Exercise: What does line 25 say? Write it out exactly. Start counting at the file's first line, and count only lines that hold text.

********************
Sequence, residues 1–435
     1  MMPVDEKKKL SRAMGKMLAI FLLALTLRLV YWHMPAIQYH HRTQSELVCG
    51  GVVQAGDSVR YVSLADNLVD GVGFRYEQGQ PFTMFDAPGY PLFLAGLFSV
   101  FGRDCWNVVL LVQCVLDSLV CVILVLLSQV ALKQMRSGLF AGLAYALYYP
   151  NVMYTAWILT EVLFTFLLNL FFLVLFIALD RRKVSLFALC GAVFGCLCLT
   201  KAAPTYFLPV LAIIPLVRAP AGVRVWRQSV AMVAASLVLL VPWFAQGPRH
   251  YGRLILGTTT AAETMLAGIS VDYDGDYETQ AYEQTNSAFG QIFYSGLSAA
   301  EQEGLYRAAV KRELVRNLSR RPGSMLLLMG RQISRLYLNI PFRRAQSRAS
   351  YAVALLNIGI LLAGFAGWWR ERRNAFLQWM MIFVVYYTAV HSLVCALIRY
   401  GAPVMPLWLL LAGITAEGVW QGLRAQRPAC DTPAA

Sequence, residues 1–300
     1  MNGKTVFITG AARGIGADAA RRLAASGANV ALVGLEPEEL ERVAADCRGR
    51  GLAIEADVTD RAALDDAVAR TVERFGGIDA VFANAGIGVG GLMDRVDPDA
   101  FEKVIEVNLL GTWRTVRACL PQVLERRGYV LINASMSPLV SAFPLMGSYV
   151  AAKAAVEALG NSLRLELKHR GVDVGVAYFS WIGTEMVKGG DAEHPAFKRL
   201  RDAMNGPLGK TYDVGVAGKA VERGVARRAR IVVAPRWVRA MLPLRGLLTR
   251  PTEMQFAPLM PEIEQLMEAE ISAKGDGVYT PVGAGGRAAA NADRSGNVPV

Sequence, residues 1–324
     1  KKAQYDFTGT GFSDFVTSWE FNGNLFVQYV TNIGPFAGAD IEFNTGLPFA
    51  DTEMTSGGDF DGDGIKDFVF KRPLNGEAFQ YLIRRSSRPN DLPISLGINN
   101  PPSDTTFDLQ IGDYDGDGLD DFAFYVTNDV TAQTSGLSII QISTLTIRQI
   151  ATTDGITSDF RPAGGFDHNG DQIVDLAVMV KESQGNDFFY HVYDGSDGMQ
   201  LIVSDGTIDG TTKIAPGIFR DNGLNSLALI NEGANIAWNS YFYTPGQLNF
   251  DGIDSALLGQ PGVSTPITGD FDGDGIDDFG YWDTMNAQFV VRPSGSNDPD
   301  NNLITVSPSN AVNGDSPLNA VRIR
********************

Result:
   301  NNLITVSPSN AVNGDSPLNA VRIR